A midcareer "failure" for a Palo Alto woman sparked a new trajectory that's helping local housekeepers, gardeners, waiters and home health aides to go to community college.
"These were amazing people, and I got this incredible sense that this is where I belonged," Weal said in an interview this week. "It was totally the opposite of the fifth graders, who were the children of these people I was enamored with."
Weal fell in love with the work and with her students. Ultimately, she wrote and self-published a series of simple, basic English grammar and writing textbooks after realizing her students needed guidance in their native Spanish and nothing was to be had.
Friendships with her students nearly all of them low-wage workers then led her to a new step: raising funds to help them take classes in community college.
This fall, 69 of them are enrolled at Canada College with small stipends from her recently registered nonprofit, Sequoia Adult School Scholars.
"These are people who really have no extra money," she said. "My idea was that if we can make this free, people would go."
Since most of the students have day jobs, they're not going to school full-time, just taking a class or two. Weal hopes some of them will complete the ESL sequence and work toward a certificate.
"One guy is a construction worker going for a certificate in kitchen and bath design," Weal said. "Another works at the counter at The Cheesecake Factory and wants to be a preschool teacher.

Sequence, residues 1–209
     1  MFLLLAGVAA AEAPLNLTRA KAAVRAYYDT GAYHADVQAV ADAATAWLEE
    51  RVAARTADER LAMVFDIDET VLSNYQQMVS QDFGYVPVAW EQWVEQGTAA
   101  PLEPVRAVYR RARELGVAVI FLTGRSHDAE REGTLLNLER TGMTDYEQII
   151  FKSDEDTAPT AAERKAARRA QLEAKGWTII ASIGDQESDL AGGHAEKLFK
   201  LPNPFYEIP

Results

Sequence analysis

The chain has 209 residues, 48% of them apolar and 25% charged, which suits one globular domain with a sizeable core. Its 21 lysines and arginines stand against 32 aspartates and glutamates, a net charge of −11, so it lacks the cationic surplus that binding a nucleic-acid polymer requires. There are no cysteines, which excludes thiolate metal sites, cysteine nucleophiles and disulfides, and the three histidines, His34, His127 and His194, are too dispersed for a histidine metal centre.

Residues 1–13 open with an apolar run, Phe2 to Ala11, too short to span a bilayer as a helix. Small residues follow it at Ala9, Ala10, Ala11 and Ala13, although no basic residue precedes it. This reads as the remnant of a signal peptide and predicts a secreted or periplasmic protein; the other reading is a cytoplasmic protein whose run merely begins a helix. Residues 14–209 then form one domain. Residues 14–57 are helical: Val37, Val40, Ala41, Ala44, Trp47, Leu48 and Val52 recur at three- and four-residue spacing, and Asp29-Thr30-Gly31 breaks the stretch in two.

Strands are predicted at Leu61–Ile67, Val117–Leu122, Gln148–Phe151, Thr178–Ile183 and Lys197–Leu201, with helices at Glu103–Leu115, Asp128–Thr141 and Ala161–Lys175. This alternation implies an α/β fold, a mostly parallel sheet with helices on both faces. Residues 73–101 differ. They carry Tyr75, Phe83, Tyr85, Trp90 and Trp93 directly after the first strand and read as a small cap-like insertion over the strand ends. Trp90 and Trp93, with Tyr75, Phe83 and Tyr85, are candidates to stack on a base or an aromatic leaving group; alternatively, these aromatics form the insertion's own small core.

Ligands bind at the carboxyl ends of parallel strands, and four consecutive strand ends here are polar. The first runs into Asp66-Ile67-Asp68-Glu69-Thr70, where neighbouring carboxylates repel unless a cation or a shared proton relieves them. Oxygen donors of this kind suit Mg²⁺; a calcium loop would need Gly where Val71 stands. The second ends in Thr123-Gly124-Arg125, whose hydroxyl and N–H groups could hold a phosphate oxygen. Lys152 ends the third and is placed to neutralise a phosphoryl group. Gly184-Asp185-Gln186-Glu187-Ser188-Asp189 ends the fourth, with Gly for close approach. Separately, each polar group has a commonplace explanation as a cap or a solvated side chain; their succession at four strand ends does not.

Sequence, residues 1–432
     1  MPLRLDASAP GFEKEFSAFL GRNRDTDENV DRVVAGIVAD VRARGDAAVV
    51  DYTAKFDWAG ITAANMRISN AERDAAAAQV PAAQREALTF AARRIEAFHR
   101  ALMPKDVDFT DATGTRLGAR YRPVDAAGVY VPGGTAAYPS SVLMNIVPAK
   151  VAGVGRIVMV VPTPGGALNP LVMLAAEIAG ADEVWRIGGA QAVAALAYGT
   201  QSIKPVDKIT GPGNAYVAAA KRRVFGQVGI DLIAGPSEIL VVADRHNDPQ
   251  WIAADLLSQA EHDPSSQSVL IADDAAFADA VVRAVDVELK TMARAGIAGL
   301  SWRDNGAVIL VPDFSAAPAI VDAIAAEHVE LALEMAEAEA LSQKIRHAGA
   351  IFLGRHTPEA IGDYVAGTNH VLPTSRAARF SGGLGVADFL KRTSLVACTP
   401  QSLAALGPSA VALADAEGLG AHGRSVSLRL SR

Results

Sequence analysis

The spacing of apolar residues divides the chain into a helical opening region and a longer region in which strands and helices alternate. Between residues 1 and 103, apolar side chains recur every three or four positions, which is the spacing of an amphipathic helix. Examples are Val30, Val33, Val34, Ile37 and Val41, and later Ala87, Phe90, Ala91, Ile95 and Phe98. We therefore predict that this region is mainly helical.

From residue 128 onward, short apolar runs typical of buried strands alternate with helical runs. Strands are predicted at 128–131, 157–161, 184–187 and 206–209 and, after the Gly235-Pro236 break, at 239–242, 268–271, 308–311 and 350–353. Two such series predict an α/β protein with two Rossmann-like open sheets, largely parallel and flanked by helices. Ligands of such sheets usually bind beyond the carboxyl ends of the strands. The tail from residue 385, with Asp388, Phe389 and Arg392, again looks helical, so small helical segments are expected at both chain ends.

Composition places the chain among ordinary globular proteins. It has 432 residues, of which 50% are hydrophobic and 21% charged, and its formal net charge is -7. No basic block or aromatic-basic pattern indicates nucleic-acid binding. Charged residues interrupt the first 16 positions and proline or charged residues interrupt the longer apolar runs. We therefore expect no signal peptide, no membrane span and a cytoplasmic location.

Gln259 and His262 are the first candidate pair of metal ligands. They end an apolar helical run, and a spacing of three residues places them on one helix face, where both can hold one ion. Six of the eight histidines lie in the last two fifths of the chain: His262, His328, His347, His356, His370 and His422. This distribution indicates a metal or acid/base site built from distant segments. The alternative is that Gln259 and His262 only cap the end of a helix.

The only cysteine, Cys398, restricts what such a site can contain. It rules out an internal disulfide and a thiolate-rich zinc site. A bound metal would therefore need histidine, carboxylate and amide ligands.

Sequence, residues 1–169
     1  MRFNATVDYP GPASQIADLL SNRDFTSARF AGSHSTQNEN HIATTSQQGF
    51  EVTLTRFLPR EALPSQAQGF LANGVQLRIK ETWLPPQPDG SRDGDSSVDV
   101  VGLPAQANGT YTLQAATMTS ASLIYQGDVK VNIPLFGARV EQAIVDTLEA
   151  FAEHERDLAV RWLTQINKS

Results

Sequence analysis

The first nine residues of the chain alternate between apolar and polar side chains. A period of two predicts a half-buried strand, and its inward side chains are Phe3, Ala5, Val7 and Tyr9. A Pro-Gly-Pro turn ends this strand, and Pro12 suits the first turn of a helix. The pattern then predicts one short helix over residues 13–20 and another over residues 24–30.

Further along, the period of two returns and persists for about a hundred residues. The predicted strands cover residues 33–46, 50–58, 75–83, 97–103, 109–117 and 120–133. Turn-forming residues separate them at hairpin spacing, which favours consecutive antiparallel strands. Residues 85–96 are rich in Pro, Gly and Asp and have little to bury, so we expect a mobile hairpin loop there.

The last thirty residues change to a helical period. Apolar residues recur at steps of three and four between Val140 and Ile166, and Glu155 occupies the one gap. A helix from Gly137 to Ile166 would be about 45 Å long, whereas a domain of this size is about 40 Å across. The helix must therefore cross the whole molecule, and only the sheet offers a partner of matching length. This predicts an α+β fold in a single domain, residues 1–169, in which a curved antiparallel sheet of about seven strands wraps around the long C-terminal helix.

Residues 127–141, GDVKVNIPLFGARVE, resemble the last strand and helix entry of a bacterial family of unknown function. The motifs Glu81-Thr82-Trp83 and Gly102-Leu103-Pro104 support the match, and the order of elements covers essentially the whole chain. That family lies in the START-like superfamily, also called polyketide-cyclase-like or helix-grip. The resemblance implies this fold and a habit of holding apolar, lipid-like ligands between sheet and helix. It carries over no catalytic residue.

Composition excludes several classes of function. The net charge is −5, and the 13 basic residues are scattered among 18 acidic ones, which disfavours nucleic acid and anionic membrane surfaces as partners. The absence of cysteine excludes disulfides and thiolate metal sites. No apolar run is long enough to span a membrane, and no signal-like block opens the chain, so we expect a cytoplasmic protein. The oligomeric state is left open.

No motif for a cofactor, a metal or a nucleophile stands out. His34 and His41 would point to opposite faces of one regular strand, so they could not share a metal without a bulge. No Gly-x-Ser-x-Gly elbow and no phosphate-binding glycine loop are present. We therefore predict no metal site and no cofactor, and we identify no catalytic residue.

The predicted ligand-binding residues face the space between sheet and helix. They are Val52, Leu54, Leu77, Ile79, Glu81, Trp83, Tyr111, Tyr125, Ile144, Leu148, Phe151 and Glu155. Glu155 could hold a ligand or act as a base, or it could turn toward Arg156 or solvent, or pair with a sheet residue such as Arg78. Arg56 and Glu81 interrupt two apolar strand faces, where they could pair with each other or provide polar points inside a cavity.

Weal recalled taking her Sequoia ESL students on a field trip to Canada College: "It was a gorgeous campus, and people were walking around with their mouths open 'I can go here? This is for me?' It was a real eye-opening experience."
A grant from the Silicon Valley Community Foundation provides a part-time adviser at the adult school to help students apply for community college, and Weal's group offers $64-a-month bus passes or parking passes and help with textbooks.
East Palo Alto resident Nely Perez worked full time often seven days a week in a Burlingame car wash in her 12 years since arriving from Mexico, where she was a secretary in a law office.
While working 8 a.m. to 6 p.m. at the car wash, Perez said, "I didn't have time to study. I never attended school, but in January I said, 'No, I need to prepare. I need to go to school. I like to study.'"
Her husband, a construction worker, encouraged her and, with a parking pass and textbooks paid for by Sequoia Adult School Scholars, Perez is taking three English classes at Canada.
She wants to be able to help her 8-year-old daughter with her homework.
"The only thing I need is somebody with whom I can speak English because at home everybody speaks Spanish," Perez said. After speaking English all day at work and school, her husband and daughter prefer to speak Spanish at home, she said.
Weal continues to sell her $10 textbooks 11,000 of them so far through Amazon.com and out of her garage, and she's no longer losing money.
"Obviously I'm not supporting myself in Palo Alto with these books, but more and more the sales are going up," she said. "I am making money not a lot of money."
She's found a market in neighborhood organizations, churches and groups with names like Adelante Mujeres (Forward Women), where ESL classes are taught.
"People send in money orders for a book," she said. "One guy from East Palo Alto came to my house with cash for a book."
Weal stores 1,500 books in her garage and Amazon prints them on demand, which she calls "a pretty unsexy way to print books.
"My husband says, 'Aren't you sick of packing boxes of books?' and I say 'No, I'm incredibly happy to do this.'
"It's great to be making books that make a difference."
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